Grammar School Stage
Grammar School Overview
The foundation of education at Veritas is for students to grow in their delight in the truth, goodness, and beauty of God. Students in their early years (K through grade 6) are especially designed by God to be filled with the wonders of God displayed in all of creation. This is done first and foremost by teaching the students to observe and absorb all of God’s creation from biblical perspective. Every part of the curriculum is designed to discern and reclaim the glory of God throughout history in all subjects of knowledge.
Emphasis is placed on catechism, memorization and imitating the great masters. Through nature study and field trips, students will have many opportunities to see and interact first-hand with the glory of God in the creation. Most importantly, students will form a clearer vision of God’s glory in creation by the Christ-like and personal guidance of the teacher.
Read More On The Classical Christian Education Grade Levels Here
Grammar School Pedagogy
New parents are often impressed and surprised with the amount of memorization and the depth of learning that goes on in our classroom. We do this because, as Dorothy Sayers points out in her essay “The Lost Tools of Learning,” young children are wired to memorize. In grades k-6, we memorize Bible chapters, classic poems, types of birds, lists of historical figures and their significance, states and capitals, the periodic table of the elements, zoological taxonomy… and the list goes on. Some parents wonder why we do this.
First, as children learn to read and write, they begin to rely less on their memory. If you can make a list, why remember it? Consequently, they use their memory less and less after the 2nd grade. As with anything else with our bodies, if you don’t use it, you lose it. By exercising children’s memory, we are establishing a life-long capacity for them to memorize.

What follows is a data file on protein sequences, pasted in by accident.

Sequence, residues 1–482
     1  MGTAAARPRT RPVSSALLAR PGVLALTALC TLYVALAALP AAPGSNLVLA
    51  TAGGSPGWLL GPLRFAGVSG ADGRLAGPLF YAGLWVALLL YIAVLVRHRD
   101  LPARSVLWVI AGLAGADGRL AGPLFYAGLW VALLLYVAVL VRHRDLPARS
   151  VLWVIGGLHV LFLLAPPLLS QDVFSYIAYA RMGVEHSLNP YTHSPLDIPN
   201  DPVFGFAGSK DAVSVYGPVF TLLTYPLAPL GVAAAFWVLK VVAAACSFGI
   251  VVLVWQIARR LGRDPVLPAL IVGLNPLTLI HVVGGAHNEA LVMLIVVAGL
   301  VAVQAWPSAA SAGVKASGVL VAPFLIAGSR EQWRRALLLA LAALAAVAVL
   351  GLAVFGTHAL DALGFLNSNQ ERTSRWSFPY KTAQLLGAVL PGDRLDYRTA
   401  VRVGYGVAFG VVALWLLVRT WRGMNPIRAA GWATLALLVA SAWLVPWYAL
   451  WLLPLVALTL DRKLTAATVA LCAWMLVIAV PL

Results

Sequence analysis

Secondly, when you memorize at a young age, you retain your memory much better. Most of us recall the rhymes and chants we did when we were in grade school. “I before E,” “I pledge allegiance,” and “she sells sea shells,” are all things we probably can recite off the top of our heads. Wouldn’t it be great if we had the preamble to the US Constitution or the 13th chapter of I Corinthians memorized so that it could roll off the tongue?
Finally, before the logic (middle-school) phase, children need to have a collection of facts from which to draw conclusions. By using their innate ability to memorize at a young age, we get them ready for the logic phase. Children in the grammar phase also learn mastery of the core learning skills— reading comprehension, writing, and arithmetic as well as speaking (rhetoric) and independent study skills.
5th-6th – The Pre-Logic Phase
Learning is optimal when it is inspired and intrinsically motivated. In 5th and 6th grades we encourage students to stretch beyond facts to gain a greater understanding on their own. One way we do this is through reading and literature; we use appropriate thematic truths in a story or work that contains important, higher meaning, which encourages students to discover the power of story. When done properly this enables children to be better prepared for the logic phase.
As Christians, we are people of the word. God reveals His truth to us through the Bible. It contains history, stories, poems, songs, prophetic writing, parables, unique story-telling formats (i.e. synoptic and non-synoptic gospels), theology epistles, and even specialized forms of writing such as apocalyptic literature. To understand the Bible, students need more than a simple understanding of language. True literacy involves knowing how to read these forms to obtain their intended meaning. We call this learning transcendent or poetic truth—truth that transcends the world around us. The pre-logic phase emphasizes this imaginative and exciting form of reading, writing, and understanding.
Grammar School Curriculum
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